Filtration devices address the SLRDs without addressing the radon problem or the DP problem. Filtration devices circulate the room air through a filter which scrubs out the SLRDs.

On the surface, this type of technique appears to be an excellent solution, however, the filters will also remove the airborne particulates (ultrafine particles, dust, pollen, etc.) thus increasing the ratio of unattached daughters and actually increasing the bronchial radiological dose21. As mentioned earlier, the unattached daughters have a much higher probability of adhering to the lining of the lung wall. Therefore, the sole use of filtration devices is not considered to be an appropriate mitigation technique.

Air Movement Device: Ceiling Fans

This type of a system addresses neither the DP problem nor the radon entry problem, but rather the SLRDs themselves.

Unlike a filtration device, a ceiling fan does not remove the desirable airborne particulates but rather encourages the plate-out of the SLRDs. Since this type of technique can be installed by the homeowner (as a rather attractive addition to a living room or dining room), radon contractors do not have an incentive to disclose this technique to the general public.

Remarkably good reductions (as high as 95%) of SLRDs have been achieved 22 by simply placing a "Casablanca" type ceiling fan in a room. The fan should be capable of complete air movement within the room. Where the desired reduction is on the order of 50%, the ceiling fan alone can correct most of the problems.

Where a reduction of 80% or better is needed, the a ceiling fan in conjunction with a positive-ion generator may correct the problem. The ceiling fan/positive-ion generator combination has been tested in the U.S., Denmark, Finland and Canada 22 with similarly excellent results. The reduction in SLRDs has been consistently as high as 95% and where bronchial doses have been measured 22, the reduction in bronchial dose has been as high as 87%.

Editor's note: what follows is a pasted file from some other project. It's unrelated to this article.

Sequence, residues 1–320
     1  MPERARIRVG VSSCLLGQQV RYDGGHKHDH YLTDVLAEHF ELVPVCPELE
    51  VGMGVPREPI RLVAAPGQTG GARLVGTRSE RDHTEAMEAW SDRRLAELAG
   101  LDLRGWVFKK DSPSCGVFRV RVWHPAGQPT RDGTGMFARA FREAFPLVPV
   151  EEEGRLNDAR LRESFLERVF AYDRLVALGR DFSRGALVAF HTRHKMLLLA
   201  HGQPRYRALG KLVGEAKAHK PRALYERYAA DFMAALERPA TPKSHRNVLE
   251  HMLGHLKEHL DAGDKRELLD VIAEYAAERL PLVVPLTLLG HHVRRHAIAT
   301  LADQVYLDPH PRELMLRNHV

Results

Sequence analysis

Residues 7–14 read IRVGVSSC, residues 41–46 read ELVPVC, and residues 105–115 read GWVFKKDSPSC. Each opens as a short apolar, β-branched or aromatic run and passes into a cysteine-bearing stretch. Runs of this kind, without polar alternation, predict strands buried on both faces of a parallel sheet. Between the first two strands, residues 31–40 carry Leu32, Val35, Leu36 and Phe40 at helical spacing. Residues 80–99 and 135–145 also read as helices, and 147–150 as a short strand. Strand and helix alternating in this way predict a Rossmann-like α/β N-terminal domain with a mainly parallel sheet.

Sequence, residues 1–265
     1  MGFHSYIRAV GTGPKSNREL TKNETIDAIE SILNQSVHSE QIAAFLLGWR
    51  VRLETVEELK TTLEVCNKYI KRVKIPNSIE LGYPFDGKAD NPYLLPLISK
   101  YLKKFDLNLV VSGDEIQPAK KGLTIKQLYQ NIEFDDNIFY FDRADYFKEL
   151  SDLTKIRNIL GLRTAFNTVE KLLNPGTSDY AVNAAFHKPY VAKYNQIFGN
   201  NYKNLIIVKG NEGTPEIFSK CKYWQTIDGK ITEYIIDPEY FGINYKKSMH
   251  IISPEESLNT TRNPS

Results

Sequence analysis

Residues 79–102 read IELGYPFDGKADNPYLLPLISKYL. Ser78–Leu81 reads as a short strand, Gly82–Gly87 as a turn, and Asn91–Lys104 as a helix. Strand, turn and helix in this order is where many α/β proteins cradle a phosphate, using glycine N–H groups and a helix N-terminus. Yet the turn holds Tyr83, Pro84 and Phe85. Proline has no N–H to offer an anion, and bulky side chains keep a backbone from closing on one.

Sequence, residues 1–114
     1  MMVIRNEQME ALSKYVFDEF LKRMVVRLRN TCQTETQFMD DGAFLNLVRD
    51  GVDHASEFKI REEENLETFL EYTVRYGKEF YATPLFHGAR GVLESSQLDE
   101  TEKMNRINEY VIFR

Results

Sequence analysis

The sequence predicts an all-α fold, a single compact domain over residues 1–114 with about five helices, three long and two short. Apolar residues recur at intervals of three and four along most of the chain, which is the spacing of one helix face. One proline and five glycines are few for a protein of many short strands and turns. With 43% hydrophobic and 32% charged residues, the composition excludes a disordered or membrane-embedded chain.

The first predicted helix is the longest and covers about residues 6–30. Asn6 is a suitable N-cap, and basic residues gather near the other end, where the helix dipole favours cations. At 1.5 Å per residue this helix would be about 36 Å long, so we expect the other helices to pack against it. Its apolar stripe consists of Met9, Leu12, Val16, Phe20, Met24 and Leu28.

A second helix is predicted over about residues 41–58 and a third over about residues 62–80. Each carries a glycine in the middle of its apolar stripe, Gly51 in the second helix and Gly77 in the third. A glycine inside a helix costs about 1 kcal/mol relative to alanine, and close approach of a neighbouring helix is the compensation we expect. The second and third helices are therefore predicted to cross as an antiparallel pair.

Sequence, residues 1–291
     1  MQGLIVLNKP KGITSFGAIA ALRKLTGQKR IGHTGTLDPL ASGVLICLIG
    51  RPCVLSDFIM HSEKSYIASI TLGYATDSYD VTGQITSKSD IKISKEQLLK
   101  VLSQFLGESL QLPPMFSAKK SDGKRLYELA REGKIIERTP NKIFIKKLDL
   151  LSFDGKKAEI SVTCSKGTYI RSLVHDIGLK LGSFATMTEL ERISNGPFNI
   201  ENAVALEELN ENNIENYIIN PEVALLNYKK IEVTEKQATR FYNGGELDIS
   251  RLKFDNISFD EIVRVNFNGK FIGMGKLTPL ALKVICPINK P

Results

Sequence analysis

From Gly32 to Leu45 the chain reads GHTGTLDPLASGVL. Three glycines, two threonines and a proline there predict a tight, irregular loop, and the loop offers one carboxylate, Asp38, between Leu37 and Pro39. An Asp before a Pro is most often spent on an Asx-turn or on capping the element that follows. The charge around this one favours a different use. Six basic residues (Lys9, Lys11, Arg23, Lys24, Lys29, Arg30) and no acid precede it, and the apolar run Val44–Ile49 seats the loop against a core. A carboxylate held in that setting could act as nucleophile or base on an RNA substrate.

The positive ion generator should not be confused with an electrostatic precipitator (ESP). Using an ESP could result in the removal of airborne particulates and an increase in unattached daughters. Also, negative ion generators have been shown to be less effective than the positive ion generators 22. While the fan speed is not critical, the fan should be placed in the center of the room and be large enough to effectively move the air in the room.

A disadvantage to this type of reduction technique is that post-mitigation monitoring would have to involve a continuous working level monitor, instead of the charcoal canisters. Nonetheless, the savings achieved by the technique over some other mitigation methods would nearly off-set the cost of purchasing such an instrument (not to mention renting one).

Another disadvantage to this technique is that it can be readily turned off if not properly installed. The fan and the positive ion generator should be wired such that it cannot be deactivated by unauthorized personnel. The system should be labeled as a "radon reduction" system and allowed to run continuously.

Sealing Floor and Foundation Wall Cracks

Since some 90% of the radon 23 comes from sub-slab infiltration, one of the earliest mitigation techniques involved simply sealing floor and foundation wall cracks to prevent entry. The advantages of this method are its relative ease and low cost.